Can A Sports Physical Replace A Wellness Exam?

August 8, 2023

Before your child can take the field or hit the courts, their doctor must give the all-clear for them to play.

Henry Ford HealthSince the sports physical is a pre-requisite to organized activity, you may be tempted to skip your child’s annual well-visit. After all, do you really need to go to the doctor’s office twice if they’re healthy enough to play sports?

Of course, the answer is yes! Each type of visit to your pediatrician serves a different purpose, and one cannot replace the other.

Shoshana Gordon, D.O., a pediatrician for Henry Ford Health, explains the differences between the sports physical and regular wellness examination.

What Happens at a Wellness Exam

An annual wellness exam is a comprehensive visit that allows your child’s pediatrician to monitor all aspects of your child’s development. These appointments can vary quite a bit, depending on your child’s age.

“Your child grows so much early in life that we need to see them several times before their first birthday,” says Dr. Gordon. “As they get older, the conversations at these appointments evolve and expand to include topics like mental health and what to expect from puberty.”

Generally, many aspects of your child’s wellness exam will stay the same over time. Regardless of age, this appointment will include:

  • Checking vitals (heart rate, blood pressure)
  • A physical exam (to monitor physical growth)
  • Discussing developmental milestones
  • Developmental and emotional/behavioral screenings
  • Conversations about nutrition and any physical activities your child is involved in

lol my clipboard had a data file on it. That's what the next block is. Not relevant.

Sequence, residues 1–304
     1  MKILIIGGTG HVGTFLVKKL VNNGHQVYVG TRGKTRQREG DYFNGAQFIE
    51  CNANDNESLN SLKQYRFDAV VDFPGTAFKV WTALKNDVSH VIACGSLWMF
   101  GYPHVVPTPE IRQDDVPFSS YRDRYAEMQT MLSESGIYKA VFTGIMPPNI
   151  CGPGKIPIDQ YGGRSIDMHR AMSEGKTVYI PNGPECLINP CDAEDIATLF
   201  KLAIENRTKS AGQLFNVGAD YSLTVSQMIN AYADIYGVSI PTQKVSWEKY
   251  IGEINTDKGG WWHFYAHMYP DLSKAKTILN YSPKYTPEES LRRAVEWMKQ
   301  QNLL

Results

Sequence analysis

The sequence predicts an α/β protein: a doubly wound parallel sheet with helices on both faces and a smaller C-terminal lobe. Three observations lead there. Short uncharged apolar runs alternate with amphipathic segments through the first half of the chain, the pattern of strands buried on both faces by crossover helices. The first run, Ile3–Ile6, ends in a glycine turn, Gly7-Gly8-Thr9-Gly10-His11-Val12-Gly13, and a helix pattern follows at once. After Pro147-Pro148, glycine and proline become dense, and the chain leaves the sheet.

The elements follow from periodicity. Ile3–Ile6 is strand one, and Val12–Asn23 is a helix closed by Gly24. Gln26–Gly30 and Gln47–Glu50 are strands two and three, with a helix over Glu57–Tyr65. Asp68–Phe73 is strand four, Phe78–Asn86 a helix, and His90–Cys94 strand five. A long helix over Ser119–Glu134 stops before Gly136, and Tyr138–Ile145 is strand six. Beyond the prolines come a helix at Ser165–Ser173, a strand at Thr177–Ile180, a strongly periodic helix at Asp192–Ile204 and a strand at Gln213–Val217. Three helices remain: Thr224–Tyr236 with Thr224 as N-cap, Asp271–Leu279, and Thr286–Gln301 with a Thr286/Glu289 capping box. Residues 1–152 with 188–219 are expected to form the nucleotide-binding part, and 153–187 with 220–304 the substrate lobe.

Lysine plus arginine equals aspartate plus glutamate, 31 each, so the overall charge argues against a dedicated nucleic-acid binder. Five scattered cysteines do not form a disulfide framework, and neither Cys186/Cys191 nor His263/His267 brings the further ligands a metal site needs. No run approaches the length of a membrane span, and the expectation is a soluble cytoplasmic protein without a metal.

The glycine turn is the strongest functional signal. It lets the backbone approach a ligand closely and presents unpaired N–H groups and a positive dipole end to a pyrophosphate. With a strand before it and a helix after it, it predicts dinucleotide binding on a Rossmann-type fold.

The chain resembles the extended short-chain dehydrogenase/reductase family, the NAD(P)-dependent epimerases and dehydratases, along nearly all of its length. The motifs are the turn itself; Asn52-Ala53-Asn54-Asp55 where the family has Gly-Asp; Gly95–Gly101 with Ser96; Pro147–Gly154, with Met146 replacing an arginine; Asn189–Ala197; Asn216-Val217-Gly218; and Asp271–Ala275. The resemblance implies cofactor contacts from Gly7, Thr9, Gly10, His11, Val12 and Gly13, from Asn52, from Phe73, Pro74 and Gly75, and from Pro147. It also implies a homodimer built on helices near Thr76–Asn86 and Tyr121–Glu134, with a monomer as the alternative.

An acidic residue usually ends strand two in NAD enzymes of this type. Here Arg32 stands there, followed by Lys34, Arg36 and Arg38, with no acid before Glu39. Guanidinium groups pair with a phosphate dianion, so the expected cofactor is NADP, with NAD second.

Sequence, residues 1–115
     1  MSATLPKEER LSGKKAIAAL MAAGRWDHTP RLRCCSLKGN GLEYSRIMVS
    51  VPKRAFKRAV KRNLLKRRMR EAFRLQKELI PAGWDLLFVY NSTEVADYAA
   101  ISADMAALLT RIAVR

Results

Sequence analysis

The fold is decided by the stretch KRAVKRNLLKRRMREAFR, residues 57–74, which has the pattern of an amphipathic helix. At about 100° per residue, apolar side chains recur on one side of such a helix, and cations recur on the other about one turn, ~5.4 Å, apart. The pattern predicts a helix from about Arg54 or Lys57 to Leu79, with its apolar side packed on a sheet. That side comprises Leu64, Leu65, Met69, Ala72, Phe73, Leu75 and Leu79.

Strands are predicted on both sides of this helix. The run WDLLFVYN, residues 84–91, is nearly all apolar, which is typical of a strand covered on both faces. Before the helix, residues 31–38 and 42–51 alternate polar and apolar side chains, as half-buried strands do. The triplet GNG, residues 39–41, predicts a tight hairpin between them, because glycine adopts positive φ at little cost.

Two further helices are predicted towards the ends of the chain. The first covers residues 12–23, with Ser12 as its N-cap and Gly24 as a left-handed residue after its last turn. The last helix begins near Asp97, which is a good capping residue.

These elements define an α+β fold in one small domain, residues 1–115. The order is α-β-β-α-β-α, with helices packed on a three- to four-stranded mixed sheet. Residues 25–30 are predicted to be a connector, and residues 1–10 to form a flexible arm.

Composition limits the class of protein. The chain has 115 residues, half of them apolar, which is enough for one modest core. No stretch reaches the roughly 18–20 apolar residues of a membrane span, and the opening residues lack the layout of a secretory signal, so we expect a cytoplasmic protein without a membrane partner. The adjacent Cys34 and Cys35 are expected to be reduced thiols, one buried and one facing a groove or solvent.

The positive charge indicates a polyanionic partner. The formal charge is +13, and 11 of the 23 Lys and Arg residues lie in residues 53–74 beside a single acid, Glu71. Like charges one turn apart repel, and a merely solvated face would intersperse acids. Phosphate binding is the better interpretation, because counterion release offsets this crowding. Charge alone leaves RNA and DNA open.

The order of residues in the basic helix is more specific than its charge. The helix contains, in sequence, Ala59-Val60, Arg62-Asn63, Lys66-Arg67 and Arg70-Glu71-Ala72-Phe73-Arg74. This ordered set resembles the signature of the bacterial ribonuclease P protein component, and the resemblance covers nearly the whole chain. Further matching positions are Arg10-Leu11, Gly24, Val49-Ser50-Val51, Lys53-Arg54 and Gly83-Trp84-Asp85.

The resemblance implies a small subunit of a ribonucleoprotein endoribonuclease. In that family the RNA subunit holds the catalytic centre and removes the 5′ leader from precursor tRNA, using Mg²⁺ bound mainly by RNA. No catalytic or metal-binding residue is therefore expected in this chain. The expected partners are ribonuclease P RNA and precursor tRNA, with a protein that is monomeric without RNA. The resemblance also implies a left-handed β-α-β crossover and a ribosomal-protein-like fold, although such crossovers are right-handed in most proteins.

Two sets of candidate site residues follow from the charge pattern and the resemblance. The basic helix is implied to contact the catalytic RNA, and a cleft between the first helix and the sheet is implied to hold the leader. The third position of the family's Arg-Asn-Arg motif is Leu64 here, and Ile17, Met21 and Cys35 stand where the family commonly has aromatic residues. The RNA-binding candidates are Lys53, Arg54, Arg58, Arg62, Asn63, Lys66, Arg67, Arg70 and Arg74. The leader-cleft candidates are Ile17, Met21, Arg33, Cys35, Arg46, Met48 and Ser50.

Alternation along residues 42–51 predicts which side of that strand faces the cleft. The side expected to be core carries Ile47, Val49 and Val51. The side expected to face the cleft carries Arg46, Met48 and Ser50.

• Conversations about how your child is getting on at school
  • An opportunity to discuss questions or concerns you or your child may have

One crucial part of the wellness exam is immunization. This appointment is the best time for you to talk with your child’s pediatrician to make sure that your child is up to date on necessary vaccines.

Additionally, wellness exams are the best way for you and your child to develop a relationship with their pediatrician. When you only take your child to the doctor when they are sick, it is harder for your pediatrician to set a baseline for their health.

“Regular wellness visits allow you and your child to get comfortable with asking your doctor questions,” says Dr. Gordon. “Once we develop a good patient-provider relationship, your child’s pediatrician will have an easier time recognizing when your child isn’t feeling like themselves and can better offer alternate approaches to care that best suit your child’s unique needs."

What Happens at a Sports Physical

Sports physicals are used to determine if your child is healthy enough to participate in organized sports. During this appointment, your child’s doctor will screen them for different sports-specific health concerns. They will be evaluating several things including:

  • Heart function
  • Lung function
  • Mobility
  • Reflexes
  • Endurance

“During a sports physical, we’ll look at both your child’s and your family’s health history to make sure there aren’t any indicators that could impact your child’s ability to play,” says Dr. Gordon. “For example, if your child had COVID or if you have a family history of cardiovascular complications, additional tests may be necessary to make sure this isn’t affecting your child’s health.”

The biggest difference from a wellness exam? Sports physicals don’t include developmental screeners that are essential to your child’s growth.

“At the end of the day, a sports physical cannot take the place of your child’s annual wellness exam,” says Dr. Gordon. “However, when you go for your child’s wellness exam, talk to your child’s pediatrician about including a sports physical as part of the appointment.”

In addition to the developmental, social and emotional evaluations that take place at your child’s annual wellness exam, this is the best time for you and your child to get to know your pediatrician. Establishing yourself with your child’s doctor will make it easier to treat and care for your child as they continue to grow.

To find a pediatrician or make an appointment online, visit or call 1-800-436-7936.